When we think of plant-based meat alternatives, brands like Beyond Meat and Impossible Foods immediately come to mind, and deservedly so. Influential partnerships with major fast-food chains have aided their disruptive emergence into the market. Today, consumer curiosity for plant-based meats and plant protein is at its all-time high, and the market is expected to grow.
But while these brands are dominating certain segments at +200% growth, the sleeping giants are just beginning to rise (IRI – Total U.S. Multi-Outlet (Grocery, Drug, Mass Market, Military, and Select Club and Dollar Retailers). Tyson, Perdue, Nestlé, Hormel, and many other major food companies all launched plant-based meat products over the last year. Unilever has an ambitious target to achieve over $1 billion annual sales of plant-based meat and dairy alternatives within the next five to seven years – Figures that could challenge the impressive beginnings of startups like Beyond Meat and the hundreds of other emerging brands in the space. Fortunately, the global plant-based meat category forecasts 28% compound annual growth, building on what was a $5 billion industry in 2018 to $85 billion by 2030. It appears there may be plenty of opportunity to go around (source: UBS Investment Bank).
What do all these companies have in common? They are all looking for ingredients and processing technologies to improve taste, texture, sustainability, and affordability of plant-based meat alternatives. Perhaps the only thing more impressive than plant-based product development is the innovation in ingredients behind the scenes.
Juicier More Authentic Burgers
No disrespect to the original veggie burgers, but consumers may never settle for dry, spongy patties again… not after trying an Impossible Burger. The bar is set pretty high. Behind McDonald’s P.L.T., Burger King’s Impossible Whopper, or KFC’s “Kentucky Fried Miracle,” is the calculated science of making plant proteins look and taste like actual meat.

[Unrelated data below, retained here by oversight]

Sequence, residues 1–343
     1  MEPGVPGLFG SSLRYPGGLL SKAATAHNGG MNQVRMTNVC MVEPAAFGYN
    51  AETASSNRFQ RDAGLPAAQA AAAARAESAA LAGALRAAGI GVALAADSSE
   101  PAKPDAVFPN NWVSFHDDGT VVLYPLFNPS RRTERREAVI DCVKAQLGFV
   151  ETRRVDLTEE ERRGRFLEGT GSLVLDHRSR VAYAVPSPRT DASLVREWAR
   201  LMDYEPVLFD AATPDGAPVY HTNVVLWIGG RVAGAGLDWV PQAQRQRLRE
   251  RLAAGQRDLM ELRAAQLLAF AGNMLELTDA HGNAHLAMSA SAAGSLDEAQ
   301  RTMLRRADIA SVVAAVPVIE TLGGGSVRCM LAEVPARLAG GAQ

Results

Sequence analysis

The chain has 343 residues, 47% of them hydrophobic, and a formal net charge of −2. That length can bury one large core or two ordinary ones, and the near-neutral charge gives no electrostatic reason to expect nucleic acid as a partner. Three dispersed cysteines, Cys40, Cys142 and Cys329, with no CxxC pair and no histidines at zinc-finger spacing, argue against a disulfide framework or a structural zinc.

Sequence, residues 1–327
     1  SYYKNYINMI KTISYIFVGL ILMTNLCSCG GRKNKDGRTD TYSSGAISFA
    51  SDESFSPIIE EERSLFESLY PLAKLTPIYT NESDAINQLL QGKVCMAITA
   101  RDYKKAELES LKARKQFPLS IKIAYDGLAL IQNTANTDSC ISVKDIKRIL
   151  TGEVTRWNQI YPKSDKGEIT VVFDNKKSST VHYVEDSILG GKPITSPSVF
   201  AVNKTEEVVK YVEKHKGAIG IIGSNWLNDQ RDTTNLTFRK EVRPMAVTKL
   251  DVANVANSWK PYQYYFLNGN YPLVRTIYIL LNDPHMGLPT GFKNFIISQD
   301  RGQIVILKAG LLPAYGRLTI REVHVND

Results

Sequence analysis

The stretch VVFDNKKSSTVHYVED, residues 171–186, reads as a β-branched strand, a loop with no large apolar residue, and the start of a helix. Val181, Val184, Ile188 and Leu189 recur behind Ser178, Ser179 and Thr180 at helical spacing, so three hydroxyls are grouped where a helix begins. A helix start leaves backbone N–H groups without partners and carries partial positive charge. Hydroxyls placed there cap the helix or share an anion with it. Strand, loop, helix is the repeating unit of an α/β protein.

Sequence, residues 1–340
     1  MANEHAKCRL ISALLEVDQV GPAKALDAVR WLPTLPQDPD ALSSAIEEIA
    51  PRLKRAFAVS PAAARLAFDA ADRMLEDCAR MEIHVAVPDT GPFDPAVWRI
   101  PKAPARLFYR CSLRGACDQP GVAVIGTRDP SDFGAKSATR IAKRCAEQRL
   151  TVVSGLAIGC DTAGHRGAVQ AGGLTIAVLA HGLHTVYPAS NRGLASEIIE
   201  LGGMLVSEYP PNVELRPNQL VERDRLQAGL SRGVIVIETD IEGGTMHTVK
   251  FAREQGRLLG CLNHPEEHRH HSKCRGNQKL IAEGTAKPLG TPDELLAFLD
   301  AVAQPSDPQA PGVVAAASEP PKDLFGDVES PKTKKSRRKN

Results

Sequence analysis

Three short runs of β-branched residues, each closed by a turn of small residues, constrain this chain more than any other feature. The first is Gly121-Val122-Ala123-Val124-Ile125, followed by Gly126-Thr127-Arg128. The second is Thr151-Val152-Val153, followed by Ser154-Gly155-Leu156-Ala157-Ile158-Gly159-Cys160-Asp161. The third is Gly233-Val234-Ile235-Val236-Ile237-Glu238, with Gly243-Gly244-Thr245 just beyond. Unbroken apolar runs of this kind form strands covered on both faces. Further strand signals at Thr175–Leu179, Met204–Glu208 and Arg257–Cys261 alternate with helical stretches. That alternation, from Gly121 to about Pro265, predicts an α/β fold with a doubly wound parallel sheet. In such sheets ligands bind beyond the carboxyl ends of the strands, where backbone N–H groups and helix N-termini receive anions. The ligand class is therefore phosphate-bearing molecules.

Ingredient properties, like gelling and emulsification, play a tremendous role. Austin, TX-based Applied Food Sciences (AFS) believe they have found the recipe for success in their new hemp seed protein. According to Brian Happel, the Director of Meat Analogues & Nutrition, the company deliberately calls attention to the source for its latest plant protein, ‘hemp hearts,’ as important because it comes from the dehulled inner-white parts of the hemp seed.
“We wanted to create something that was food-driven, so taste was paramount,” Happel explains. “For hemp seed protein, this means removing the outer shell to present a cleaner ingredient that is white instead of green and is void of bitter flavor typically associated with hemp protein.” Fitting considering that Mintel says taste is the number one reason consumers choose to eat plant-based proteins.
“But for meat analogues, the texture is a close second,” Happel continues. “And what’s unique about our hemp seed protein is its exceptional emulsification and gelling properties, which results in a juicier, more authentic meat mouthfeel.”
AFS says its customers are excited about the 70% protein content complete with all nine essential amino acids. Still, the neutral flavor and complementary functional attributes appear to be setting this plant protein apart.
More on Hemp Hearts
Hemp hearts are considered the nutritional powerhouse full of proteins, amino acids, and fatty acids ordinarily reserved for sprouting new hemp plants. According to Mintel, 76% of Americans perceive plant-based foods as healthy, so it may be reassuring that hemp hearts will live up to this expectation.
Hemp seeds contain more protein wt/wt than almonds, chia, or flax seeds, mostly made up of Edestin and Albumin, a form of easily digestible globular proteins. The fats in hemp seeds are almost entirely polyunsaturated fatty acids (PUFAs) that our bodies can’t make and are therefore essential for consumption in our diet. While omega-6s are common in many vegetable oils, nuts, and seeds, hemp stands out for delivering the ideal balance of omega-6 to omega-3 fatty acids of approximately 3:1.
Hemp seeds contain minerals necessary for our health like vitamin E, vitamins B1 and B6, iron, magnesium, zinc, potassium, and more. Some minerals can be hard to obtain on a plant-based diet making hemp an attractive ingredient option for plant-based meat producers.